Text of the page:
3024.0 Aquaculture and public health: Implications for food systems and the environment

Monday, November 8, 2010: 8:30 AM - 10:00 AM
As worldwide fisheries plateau or are in decline, aquaculture is increasing to meet a growing global demand for seafood. There is a trend towards industrial (i.e. intensive) aquaculture with high yields and high inputs, similar in many ways to industrial terrestrial food animal production. The purpose of this session is to bring aquaculture into focus for public health professionals by studying a broad range of interrelated aquaculture and health topics. Some topics covered in this session will be: the potential benefits to food security and dietary nutrition from aquaculture; the poorly characterized human health risks from chemicals and antimicrobials used in aquaculture production, due to lack of surveillance of aquaculture products; environmental risks that exist from some aquaculture production practice; sustainable aquaculture and seafood marketing approaches that could greatly reduce potential public health and environmental hazards from aquaculture. Engaging the public health community with the latest aquaculture and public health findings will ensure other public health professionals can have a voice in the direction aquaculture moves in the next decade.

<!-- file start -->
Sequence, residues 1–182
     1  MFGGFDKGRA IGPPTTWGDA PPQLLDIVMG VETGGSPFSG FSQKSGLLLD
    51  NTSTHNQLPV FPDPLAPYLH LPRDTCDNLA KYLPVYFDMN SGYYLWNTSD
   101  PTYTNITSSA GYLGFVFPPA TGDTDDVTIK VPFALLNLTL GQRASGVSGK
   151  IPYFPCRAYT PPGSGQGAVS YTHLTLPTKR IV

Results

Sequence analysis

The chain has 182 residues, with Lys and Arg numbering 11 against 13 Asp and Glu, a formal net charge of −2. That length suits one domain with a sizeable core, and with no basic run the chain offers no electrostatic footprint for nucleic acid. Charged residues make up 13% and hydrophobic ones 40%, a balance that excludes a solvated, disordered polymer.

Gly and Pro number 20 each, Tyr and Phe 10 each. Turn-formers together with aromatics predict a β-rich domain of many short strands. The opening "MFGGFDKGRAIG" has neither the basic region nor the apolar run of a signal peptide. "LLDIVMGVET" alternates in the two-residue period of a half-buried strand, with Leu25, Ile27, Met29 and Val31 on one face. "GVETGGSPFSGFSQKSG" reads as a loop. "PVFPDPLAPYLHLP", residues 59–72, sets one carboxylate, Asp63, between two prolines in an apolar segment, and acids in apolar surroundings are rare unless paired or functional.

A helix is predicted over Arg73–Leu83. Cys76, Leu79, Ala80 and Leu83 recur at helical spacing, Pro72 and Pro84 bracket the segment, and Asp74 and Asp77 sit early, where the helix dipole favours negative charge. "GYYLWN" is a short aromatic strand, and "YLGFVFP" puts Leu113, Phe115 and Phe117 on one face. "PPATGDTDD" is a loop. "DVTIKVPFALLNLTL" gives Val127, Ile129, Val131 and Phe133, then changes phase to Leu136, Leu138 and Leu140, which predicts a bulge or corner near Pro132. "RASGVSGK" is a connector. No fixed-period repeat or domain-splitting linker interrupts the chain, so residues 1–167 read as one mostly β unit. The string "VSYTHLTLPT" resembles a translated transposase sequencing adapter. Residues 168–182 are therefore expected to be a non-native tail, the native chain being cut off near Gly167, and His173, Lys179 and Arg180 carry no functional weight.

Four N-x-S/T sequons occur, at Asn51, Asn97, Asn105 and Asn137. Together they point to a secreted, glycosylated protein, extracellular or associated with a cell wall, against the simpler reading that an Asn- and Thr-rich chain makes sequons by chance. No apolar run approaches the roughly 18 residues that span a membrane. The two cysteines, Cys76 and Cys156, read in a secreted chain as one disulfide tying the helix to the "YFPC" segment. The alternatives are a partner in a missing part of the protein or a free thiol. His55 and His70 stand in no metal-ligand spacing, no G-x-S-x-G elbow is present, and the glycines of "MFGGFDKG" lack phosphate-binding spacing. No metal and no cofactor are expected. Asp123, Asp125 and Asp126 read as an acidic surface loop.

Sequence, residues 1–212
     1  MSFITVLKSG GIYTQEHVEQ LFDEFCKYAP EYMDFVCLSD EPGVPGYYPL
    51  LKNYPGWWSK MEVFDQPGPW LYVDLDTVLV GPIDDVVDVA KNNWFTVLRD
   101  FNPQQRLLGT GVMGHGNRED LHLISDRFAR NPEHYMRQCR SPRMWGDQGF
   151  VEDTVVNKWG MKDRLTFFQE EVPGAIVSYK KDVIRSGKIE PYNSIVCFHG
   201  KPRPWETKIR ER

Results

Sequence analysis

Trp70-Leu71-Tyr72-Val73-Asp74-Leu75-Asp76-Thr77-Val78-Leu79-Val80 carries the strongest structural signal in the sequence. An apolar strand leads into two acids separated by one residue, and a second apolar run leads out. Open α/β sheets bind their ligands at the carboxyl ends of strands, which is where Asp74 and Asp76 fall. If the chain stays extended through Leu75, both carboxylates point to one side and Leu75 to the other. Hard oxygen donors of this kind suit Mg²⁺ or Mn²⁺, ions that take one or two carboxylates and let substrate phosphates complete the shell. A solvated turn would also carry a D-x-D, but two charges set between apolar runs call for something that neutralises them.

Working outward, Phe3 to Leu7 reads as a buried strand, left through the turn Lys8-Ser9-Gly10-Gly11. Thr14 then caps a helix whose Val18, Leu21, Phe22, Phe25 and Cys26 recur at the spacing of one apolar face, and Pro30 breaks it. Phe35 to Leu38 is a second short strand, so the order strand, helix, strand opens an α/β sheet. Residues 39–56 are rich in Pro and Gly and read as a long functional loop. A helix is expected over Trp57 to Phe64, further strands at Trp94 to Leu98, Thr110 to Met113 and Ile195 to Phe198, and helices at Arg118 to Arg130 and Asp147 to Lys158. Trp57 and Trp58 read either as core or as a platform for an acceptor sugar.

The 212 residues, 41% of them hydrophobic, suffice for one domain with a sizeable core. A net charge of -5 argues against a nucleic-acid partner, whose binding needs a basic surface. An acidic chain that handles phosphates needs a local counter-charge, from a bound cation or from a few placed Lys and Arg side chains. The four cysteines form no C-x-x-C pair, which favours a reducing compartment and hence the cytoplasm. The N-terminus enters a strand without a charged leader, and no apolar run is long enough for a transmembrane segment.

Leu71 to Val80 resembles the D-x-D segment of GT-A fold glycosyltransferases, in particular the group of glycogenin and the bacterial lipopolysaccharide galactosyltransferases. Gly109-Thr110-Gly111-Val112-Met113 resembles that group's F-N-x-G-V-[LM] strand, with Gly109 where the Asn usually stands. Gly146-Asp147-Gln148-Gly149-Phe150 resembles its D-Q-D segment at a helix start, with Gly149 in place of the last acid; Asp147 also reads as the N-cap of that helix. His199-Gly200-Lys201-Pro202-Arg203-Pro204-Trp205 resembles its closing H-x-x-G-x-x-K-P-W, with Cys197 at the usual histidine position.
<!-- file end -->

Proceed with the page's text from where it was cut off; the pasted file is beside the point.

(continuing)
Session Objectives: 1. Name the public health and environmental risks from intensive food aquaculture production. 2. Assess your own risks and benefits of eating seafood on a weekly basis. 3. Compare approaches for sustainable aquaculture based on their importance to public health and the environment
David Love, PhD, MSPH
David Love, PhD, MSPH

See individual abstracts for presenting author's disclosure statement and author's information.

Organized by: Environment
Endorsed by: Trade and Health Forum

CE Credits: Medical (CME), Health Education (CHES), Nursing (CNE), Public Health (CPH)

See more of: Environment